Petestack Blog

22 August 2011

Half-marathon on half a stomach

Filed under: Running — admin @ 11:07 pm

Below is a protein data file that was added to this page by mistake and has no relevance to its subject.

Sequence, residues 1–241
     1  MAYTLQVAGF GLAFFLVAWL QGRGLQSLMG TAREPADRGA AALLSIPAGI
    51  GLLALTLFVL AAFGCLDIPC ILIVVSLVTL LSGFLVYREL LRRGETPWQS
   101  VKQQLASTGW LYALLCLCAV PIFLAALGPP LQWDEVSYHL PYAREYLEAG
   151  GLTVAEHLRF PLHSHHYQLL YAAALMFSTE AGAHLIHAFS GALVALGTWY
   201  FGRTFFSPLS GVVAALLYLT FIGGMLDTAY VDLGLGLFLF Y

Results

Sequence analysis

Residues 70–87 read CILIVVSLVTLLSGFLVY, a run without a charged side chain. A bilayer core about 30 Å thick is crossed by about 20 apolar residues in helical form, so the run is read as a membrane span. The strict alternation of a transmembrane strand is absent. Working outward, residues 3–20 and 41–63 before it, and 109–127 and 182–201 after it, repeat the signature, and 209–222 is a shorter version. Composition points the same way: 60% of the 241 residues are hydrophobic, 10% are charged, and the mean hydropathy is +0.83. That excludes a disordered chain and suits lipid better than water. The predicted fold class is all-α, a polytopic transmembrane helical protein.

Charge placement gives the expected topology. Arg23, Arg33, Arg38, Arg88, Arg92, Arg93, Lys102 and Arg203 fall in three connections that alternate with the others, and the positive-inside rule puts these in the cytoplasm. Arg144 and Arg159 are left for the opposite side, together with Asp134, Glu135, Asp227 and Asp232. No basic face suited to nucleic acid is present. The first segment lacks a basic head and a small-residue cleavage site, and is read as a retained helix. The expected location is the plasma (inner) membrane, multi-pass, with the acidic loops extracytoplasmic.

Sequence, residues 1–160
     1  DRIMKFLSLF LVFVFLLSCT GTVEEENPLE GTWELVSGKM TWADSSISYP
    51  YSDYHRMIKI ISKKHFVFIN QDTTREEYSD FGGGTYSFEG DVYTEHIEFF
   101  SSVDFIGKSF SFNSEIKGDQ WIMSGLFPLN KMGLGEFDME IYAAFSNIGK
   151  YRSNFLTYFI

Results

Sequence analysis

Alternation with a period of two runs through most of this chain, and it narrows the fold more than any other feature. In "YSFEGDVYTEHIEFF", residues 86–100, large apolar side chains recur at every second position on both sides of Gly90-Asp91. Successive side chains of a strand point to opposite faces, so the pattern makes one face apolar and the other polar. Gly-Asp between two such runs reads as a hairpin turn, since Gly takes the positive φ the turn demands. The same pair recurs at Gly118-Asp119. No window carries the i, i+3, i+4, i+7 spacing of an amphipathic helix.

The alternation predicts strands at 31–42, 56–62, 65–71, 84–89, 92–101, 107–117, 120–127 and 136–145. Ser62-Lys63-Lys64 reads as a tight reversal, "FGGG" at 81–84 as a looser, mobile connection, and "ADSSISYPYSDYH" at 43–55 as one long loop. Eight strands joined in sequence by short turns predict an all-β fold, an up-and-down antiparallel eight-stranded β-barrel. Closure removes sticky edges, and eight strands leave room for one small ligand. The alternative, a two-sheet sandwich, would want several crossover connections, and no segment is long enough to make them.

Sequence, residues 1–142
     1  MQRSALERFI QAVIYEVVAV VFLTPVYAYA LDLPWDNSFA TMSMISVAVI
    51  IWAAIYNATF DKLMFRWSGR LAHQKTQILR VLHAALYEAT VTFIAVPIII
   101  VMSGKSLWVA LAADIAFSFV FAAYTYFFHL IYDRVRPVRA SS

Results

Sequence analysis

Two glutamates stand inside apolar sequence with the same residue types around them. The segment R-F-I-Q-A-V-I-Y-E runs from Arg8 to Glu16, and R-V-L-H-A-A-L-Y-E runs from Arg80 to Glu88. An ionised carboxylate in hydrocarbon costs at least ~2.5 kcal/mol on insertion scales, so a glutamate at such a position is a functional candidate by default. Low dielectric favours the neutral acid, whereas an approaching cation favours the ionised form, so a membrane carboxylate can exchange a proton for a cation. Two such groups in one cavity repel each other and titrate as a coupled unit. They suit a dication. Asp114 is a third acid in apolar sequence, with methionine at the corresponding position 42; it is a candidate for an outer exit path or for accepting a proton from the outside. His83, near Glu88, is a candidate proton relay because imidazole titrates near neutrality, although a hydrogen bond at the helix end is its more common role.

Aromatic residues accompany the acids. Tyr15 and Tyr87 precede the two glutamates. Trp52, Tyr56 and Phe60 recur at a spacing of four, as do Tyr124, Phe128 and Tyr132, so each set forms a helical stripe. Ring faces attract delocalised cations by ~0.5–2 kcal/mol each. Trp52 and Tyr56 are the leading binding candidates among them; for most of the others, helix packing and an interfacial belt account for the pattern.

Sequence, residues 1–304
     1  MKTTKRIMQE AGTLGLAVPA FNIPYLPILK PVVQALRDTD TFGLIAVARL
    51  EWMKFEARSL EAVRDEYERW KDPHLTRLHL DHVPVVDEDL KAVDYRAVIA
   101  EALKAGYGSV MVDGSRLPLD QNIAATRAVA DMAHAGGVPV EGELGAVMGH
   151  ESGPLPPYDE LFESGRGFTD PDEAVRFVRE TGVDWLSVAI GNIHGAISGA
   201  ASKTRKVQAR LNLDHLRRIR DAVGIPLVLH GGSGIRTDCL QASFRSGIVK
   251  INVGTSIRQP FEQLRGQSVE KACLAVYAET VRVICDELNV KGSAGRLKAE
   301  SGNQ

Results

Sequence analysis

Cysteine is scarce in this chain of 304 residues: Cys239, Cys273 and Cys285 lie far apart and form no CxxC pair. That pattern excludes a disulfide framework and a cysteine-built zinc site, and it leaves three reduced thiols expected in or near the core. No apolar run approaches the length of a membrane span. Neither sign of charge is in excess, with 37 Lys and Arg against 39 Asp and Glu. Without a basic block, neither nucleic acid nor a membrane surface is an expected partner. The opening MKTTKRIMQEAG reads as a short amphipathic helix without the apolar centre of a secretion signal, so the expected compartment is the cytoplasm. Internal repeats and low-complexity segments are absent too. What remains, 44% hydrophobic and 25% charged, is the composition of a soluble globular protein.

Think I got what I deserved here when I was barely on the rebound from three ultras this summer, can’t say I treat road running seriously at the best of times (preferring to run hills and trails with little formal speed work) and found myself inexplicably battering the ‘last-minute self-destruct eating button’ on Thursday and Friday, but Coll is Coll, the Half-Marathon’s a great excuse to go back and I was committed long before doing my best to sabotage my own already fairly unpromising prospects. So I was up at 4:00am on Saturday to meet Eileen and Donald in Oban for the 7:00am ferry as planned, arriving on the island to clearing skies later that morning after a bumpy, grey crossing which did nothing to make me feel any better. Just about survived the race, however, completing the last 11 miles with a churning gut and recording my worst time yet at 1:42:14 (previous worst 1:41:29 at Coll 2008) for 19th place from 107. But it’s a tough, tough course (hardest half I’ve ever done) and, considering how my general distaste for ‘road’ running (in quotes because you also get a nice, slow track through the machair from Totronald to Ballyhaugh here) impacts my training, I’m pretty OK with that. And Donald did well in his first serious race at any distance (?) to record 1:46:24 for 29th place, so he’s buzzing!